Engineering

Library locations closed over the July 4th holiday and remaining week (Fri., July 2nd-Sat., July 10th)

Posted June 14th, 2010 by Heather Denny

24/7 study rooms in Hayden and Dewey libraries will remain open

All MIT Libraries’ locations, with the exception of the 24-hour study facilities in Hayden and Dewey Libraries, will be closed Friday, July 2 through Saturday, July 10, as a cost saving measure to meet Institute budget reductions.

During this period the Libraries’ website, Barton, Vera, and access to electronic licensed resources will be available. However, most library staff will be on furlough and will not be available to offer assistance. A small number of staff will be on-call to address any reported system outages; reasonable attempts will be made to bring systems back online as soon as possible.

While it will continue to be possible to make online requests for some MIT Libraries’ services or materials, these requests will not be acted upon until the Libraries reopen.  Due dates for materials on loan have been adjusted to reflect this closure – no items will be due during this period and fines will not accrue.  We apologize for any inconvenience.

See: http://libraries.mit.edu/hours for a complete list of individual library hours.  Please send questions, comments or concerns to budgetfeedback-lib@mit.edu.

Energy announcement made at Hayden Library

Posted May 26th, 2010 by Heather Denny

Solar panels on top of the Hayden Memorial Library soak up the afternoon sun. Photo by Donna Coveney

On Wednesday May 26th an event was held in the courtyard of Hayden Library to announce the launch of a three year collaboration between MIT and NSTAR Electric aimed at reducing electric energy consumption on campus by 34 million KWHs, which amounts to 15% of the Institute’s annual total electric use.  Remarks were given by Joseph Nolan, NSTAR Senior Vice President of Customer & Corporate Relations; Terry Stone, MIT Executive Vice President and Treasurer; Vladimir Bulovic, Professor, Department of Electrical Engineering and Computer Science; and Jason Jay, doctoral candidate, Sloan School of Management.

Hayden Library was chosen as an ideal location to showcase MIT’s energy efficiency efforts—in 2004 one of the largest solar photovoltaic power installations on campus was mounted on the library’s roof, now additional energy conservation measures are planned for the interior of the library.  Measures include energy efficient lighting retrofits in a number of locations and daylighting controls in the 2nd floor reading room.  Advanced air handling controls will also be installed to accurately measure CO2 and humidity and control outside air intake to optimize energy and comfort, and adjustable speed drives on fan motors will be added to reduce airflow during hours when the library is closed. In a parallel project this summer, the first floor reading room sprinkler, electrical and lighting will be upgraded.

Following the event, small groups were led on tours to Hayden’s 2nd floor reading room and the penthouse mechanical room to view the proposed energy conservation measures.

For more information see MIT News: MIT, NSTAR team up on energy-efficiency program

Historic Rare Book Collection "UnVailed"

Posted May 25th, 2010 by Heather Denny

A bookplate featuring the portrait of Theodore N. Vail, who donated the collection to MIT in 1912.

Records for the Vail Collection – one of the world’s foremost rare book collections on electricity, electrical engineering, magnetism, and lighter-than-air travel – are beginning to appear in Barton, the Libraries’ online catalog.  This historic collection comprises some 25,000 volumes and includes materials dating as far back as the mid-16th century, but it’s been hidden for decades because electronic catalog records hadn’t been created.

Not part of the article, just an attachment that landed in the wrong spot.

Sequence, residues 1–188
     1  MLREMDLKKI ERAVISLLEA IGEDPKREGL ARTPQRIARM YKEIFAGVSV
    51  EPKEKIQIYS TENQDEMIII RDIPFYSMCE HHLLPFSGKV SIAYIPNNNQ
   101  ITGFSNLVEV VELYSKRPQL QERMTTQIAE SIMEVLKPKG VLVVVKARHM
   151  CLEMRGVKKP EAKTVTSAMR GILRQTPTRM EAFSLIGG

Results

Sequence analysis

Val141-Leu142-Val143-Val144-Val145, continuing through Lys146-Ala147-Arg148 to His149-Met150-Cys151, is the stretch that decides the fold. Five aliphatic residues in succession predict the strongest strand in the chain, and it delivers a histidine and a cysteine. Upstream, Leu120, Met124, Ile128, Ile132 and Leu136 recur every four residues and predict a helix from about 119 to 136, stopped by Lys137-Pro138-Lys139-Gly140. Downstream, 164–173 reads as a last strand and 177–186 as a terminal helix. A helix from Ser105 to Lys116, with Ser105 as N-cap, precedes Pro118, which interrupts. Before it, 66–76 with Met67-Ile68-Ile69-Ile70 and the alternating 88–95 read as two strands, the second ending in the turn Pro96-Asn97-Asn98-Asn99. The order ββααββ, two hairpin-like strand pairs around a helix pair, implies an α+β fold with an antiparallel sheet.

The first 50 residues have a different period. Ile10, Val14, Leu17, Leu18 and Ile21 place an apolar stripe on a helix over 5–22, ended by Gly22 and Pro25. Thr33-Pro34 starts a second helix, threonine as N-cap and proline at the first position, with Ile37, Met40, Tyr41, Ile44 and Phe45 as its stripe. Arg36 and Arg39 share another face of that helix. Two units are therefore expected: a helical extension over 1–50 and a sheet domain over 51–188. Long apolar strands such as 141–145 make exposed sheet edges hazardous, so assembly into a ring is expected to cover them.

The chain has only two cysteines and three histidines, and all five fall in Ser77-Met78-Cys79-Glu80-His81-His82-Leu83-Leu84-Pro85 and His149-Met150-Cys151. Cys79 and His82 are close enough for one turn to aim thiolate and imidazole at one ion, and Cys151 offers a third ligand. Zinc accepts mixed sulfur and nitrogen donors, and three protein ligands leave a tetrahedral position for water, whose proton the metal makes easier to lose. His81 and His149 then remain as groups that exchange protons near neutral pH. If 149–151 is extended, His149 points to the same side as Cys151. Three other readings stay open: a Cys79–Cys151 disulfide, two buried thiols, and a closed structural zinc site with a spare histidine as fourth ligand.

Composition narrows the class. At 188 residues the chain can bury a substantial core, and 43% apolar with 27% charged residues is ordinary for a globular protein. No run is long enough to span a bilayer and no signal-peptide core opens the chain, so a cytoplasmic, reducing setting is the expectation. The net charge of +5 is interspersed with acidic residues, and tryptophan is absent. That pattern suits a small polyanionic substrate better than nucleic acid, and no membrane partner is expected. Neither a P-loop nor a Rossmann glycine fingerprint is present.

A generous gift from Thomas F. Peterson, Jr. (Class of 1957) has made it possible to fully catalog the Vail Collection, and perform essential conservation work.

As these materials are cataloged they can be explored via the Vail RSS page which has a listing of Vail titles (with links to Barton catalog records), or by subscribing to the Vail Collection RSS feed.  Due to the delicate nature of these materials they cannot be checked out, but are available for room use in the Institute Archives.

Food For Thought! Take a Much-needed Study Break, May 17 & 18

Posted May 17th, 2010 by mit-admin

Food For Thought

Need a break from your studies?

Enjoy free drinks & snacks at our two Food for Thought events this week:

Hayden Library (14S-100) lobby, Monday, May 17, 2:30 – 4pm

Barker Library (10-500) lobby, Tuesday, May 18, 2 – 3:30pm

Hayden Open Until 2am, May 13 – 21 for Finals

Posted May 13th, 2010 by mit-admin

Hayden Library — home to the HumanitiesScience Libraries — is open till 2am daily during Finals

from Thursday, May 13 to Friday, May 21:

weekdays, 8am-2pm and Saturday & Sunday, May 15 & 16, 10am-2pm.

Hayden open till 2am daily

Extended hours are for the MIT community only.

Hayden will close Friday, May 21 at 7pm.  Summer hours begin May 22.

Read ACS Publications on iPhone & iPod Touch

Posted May 7th, 2010 by Remlee Green

The American Chemical Society has released an app for iPod Touch, iPhone, and iPad users.  ACS Mobile provides readers with a live stream of peer-reviewed research content published in ACS journals and “Latest News” from Chemical and Engineering News (C&EN).

MIT users can access content from an on campus network connection.  Articles may only be read from on campus, but you can read and save abstracts from anywhere.

ACS Mobile allows you to:

  • Filter journals to see your favorite ACS publications quickly.
  • Save favorite abstracts in a folder for offline reading.
  • Search for articles published by ACS and read them on your iPhone.
  • Share links and via e-mail, Facebook, and Twitter.

Video demo and more info

Buy for $2.99 in the Apple App Store.

For comments or more information, contact Erja Kajosalo, Chemistry Librarian.

Libraries' Summer Hours Begin May 22

Posted May 4th, 2010 by Heather Denny

Photo by Christopher Harting

The MIT Libraries’ Summer Hours will begin on Saturday, May 22, 2010.

Barker, Dewey, and Hayden (Humanities & Science) Libraries:
Monday-Friday 10am – 6pm,
Saturday closed, Sunday 1 – 6pm

Rotch Library:
Same hours as above except Sunday closed